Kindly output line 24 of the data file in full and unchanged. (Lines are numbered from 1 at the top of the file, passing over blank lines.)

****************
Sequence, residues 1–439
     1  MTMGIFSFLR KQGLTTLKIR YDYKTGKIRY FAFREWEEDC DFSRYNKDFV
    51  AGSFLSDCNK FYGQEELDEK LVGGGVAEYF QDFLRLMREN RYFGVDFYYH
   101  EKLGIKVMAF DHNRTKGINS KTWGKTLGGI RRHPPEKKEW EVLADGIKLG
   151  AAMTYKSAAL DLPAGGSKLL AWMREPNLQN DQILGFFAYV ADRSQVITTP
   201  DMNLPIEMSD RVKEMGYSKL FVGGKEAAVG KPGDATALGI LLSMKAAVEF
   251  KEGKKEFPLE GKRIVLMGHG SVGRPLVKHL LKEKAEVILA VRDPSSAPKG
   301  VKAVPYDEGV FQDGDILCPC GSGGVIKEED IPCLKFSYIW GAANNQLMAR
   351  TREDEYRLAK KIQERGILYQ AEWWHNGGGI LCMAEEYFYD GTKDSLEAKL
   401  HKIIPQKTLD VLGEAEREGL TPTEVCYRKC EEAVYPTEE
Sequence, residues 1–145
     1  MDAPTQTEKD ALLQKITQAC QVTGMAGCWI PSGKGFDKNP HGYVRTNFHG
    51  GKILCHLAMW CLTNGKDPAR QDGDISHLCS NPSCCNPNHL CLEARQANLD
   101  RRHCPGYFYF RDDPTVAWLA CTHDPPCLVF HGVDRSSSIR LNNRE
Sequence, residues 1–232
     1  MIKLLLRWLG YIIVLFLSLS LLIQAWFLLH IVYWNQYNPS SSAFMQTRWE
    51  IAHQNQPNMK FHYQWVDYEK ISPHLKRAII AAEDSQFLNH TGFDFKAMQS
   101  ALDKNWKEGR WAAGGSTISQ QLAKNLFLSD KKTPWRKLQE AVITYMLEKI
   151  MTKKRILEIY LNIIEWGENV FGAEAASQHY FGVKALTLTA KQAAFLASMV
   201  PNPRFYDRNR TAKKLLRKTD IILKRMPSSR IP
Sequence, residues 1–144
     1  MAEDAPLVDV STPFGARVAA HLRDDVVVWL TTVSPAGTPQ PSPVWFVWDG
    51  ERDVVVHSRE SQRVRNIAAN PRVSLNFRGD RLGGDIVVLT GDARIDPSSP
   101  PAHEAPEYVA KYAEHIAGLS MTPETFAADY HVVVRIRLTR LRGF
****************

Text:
   101  PAHEAPEYVA KYAEHIAGLS MTPETFAADY HVVVRIRLTR LRGF